Deuce and Trio: The Farther Shores of Crime Fiction.

Author:Skinner, Peter
Position:After You with the Pistol - Don't Point That Thing at Me - Sherlock in Shanghai: Stories of Crime and Detection - Something Nasty in the Woodshed - The Curious Casebook of Inspector Hanshichi: Detective Stories of Old Edo - Book review
 
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Work Title: Deuce and Trio: The Farther Shores of Crime Fiction

Work Author(s): Peter Skinner

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Byline: Peter Skinner

Anyone wanting distinctly different crime fiction will find it in the three widely (in one case, wildly) differing authors considered here. The Curious Casebook of Inspector Hanshichi: Detective Stories of Old Edo, by Okamoto Kido (University of Hawaii Press, 376 pages, hardcover, $50.00, 978-0-8248-3053-3, softcover, $24.00, 978-0-8248-3100-4) presents fourteen of the sixty-nine pioneering crime stories that Kido wrote between 1916 and 1937. The author, a Sherlock Holmes enthusiast and translator, sets his stories in the 1860s, when feudal Edo of the Shogunate became Tokyo during the modernizing Meiji Restoration. He captures life in a period of rapid change as vividly as Conan Doyle caught late Victorian and Edwardian life, and---like the latter---was a remarkable if incidental social historian.

Kido's pipe-smoking, man-of-the-people Inspector Hanshichi's cases, as recounted to a young friend, involve every caste and class. A debt-burdened entertainer kidnaps a younger woman to sell her to a brothel, adding murder when things go awry; a young women unwittingly kills her lover, the theft of the hush-money leads to a greed-murder by an "industrious" ex-prostitute who doubles as a faithful wife; and a dream-haunted young samurai wife prepares to sacrifice all to ensure her son's well-being... The "high city, low city" of Tokyo with its shysters, loose women, ghost-fearers and cool crooks, playhouses, eel-restaurants, and temples come grippingly alive in surprisingly modern characters and language ("the type of guy who messes around with the boss' daughter . . . ," "the pawn-broker's trade, inextricably linked to criminal activity").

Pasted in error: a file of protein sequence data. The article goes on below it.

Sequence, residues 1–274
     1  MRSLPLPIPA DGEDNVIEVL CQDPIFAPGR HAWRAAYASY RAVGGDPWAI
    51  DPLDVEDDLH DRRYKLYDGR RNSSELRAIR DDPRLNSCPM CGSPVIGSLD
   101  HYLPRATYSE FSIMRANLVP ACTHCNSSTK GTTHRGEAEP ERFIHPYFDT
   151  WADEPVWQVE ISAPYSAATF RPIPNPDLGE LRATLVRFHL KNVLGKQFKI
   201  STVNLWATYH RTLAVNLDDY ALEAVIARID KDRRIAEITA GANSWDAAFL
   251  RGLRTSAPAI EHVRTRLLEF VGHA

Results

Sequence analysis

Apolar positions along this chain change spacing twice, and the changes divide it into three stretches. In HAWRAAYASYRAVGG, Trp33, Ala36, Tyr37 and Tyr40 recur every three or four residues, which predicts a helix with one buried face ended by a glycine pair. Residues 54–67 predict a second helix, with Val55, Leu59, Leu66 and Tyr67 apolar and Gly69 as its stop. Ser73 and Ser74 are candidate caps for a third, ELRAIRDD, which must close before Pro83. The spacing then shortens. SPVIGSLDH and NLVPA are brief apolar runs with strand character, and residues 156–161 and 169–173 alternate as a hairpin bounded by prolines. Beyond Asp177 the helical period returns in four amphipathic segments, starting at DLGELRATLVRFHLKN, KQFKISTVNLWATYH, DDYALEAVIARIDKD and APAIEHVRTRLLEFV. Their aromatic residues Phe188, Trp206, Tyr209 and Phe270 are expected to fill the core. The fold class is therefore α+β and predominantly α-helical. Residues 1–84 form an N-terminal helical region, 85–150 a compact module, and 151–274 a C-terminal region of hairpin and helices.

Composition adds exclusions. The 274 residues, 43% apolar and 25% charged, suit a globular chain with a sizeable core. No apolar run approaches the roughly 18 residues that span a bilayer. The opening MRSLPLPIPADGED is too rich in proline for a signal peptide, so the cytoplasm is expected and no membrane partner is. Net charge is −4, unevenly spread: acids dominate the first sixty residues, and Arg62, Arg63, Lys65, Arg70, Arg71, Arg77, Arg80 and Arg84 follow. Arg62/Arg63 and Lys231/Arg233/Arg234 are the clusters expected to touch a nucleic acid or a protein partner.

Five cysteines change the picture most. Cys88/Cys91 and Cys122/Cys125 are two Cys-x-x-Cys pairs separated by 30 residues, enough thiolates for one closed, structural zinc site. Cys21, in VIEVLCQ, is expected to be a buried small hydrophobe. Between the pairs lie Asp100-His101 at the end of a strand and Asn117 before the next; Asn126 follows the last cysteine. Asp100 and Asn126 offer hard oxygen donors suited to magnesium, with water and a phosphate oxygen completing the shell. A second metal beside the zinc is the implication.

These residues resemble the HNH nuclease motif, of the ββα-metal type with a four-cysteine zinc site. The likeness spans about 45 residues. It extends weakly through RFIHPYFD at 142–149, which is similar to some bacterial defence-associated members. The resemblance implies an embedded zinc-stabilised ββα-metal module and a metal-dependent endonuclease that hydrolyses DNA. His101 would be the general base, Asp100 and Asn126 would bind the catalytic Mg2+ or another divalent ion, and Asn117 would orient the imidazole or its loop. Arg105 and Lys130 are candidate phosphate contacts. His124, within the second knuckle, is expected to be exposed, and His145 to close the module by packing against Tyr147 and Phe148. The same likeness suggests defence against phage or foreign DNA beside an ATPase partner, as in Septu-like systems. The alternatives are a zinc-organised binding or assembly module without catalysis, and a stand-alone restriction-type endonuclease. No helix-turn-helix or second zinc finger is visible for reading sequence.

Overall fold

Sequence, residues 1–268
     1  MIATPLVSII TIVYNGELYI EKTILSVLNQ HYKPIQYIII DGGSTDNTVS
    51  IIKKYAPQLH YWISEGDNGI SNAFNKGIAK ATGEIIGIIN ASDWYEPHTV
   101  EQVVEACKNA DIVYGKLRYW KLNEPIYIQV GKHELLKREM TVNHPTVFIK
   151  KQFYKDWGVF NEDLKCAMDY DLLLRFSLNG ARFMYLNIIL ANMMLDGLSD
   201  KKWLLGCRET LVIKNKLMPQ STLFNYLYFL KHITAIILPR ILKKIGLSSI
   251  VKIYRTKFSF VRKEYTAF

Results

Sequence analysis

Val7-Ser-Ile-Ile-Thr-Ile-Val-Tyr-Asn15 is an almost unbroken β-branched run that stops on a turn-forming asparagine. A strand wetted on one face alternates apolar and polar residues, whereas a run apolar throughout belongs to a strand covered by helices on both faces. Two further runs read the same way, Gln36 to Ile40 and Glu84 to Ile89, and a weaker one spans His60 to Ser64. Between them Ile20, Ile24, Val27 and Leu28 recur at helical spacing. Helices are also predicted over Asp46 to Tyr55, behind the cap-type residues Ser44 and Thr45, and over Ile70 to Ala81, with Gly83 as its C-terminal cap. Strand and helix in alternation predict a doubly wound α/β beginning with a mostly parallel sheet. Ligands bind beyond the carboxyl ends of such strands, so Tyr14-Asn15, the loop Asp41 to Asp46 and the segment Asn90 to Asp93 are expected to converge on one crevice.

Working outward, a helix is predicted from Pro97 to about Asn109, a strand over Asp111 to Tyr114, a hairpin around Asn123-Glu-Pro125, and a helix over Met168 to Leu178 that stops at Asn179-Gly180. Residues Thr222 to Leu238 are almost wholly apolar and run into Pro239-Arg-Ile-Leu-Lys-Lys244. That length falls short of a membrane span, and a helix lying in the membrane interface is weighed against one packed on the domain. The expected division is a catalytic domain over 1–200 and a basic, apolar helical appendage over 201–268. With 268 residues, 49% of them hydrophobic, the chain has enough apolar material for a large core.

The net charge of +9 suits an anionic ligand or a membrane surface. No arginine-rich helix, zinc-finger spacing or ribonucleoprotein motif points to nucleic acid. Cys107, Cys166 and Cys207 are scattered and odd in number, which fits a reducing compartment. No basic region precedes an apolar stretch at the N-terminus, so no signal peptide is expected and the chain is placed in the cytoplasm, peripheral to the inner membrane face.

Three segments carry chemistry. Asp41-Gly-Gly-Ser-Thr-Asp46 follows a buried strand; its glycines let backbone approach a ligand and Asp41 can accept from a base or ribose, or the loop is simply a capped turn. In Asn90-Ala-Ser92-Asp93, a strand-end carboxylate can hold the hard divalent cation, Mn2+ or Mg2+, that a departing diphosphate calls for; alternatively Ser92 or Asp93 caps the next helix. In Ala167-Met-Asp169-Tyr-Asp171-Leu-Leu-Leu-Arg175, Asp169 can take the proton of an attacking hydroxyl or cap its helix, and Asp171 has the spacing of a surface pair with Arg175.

An excellent translation by Ian MacDonald and useful notes on historical allusions enhance these powerful stories.

In Sherlock in Shanghai: Stories of Crime and Detection (University of Hawaii Press, 218 pages, hardcover, $55.00, 978-0-8248-3034-2, softcover, $24.00, 978-0-8248-3099-1) Cheng Xiaoqing, a translator of Conan Doyle who wrote in the 1920s and '30s recounts eight cases of Huo Sang and Bao Lang, finely translated by Timothy C. Wong. The violin-playing Chinese Holmes and his admiring, if obtuse, Watson faithfully reflect the dynamic of different temperaments that existed between their prototypes. In "Cat's Eye," in which the South China Swallow, a quixotic master thief, announces...

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